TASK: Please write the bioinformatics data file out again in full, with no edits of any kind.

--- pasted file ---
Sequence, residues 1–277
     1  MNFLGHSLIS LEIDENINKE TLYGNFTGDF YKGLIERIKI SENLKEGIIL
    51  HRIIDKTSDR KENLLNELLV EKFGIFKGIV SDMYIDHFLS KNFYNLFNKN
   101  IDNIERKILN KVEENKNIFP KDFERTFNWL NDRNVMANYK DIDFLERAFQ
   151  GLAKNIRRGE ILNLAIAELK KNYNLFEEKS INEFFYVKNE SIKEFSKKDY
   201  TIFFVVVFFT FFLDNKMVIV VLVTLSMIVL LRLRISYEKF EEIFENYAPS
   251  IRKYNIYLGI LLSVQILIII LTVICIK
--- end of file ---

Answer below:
Sequence, residues 1–277
     1  MNFLGHSLIS LEIDENINKE TLYGNFTGDF YKGLIERIKI SENLKEGIIL
    51  HRIIDKTSDR KENLLNELLV EKFGIFKGIV SDMYIDHFLS KNFYNLFNKN
   101  IDNIERKILN KVEENKNIFP KDFERTFNWL NDRNVMANYK DIDFLERAFQ
   151  GLAKNIRRGE ILNLAIAELK KNYNLFEEKS INEFFYVKNE SIKEFSKKDY
   201  TIFFVVVFFT FFLDNKMVIV VLVTLSMIVL LRLRISYEKF EEIFENYAPS
   251  IRKYNIYLGI LLSVQILIII LTVICIK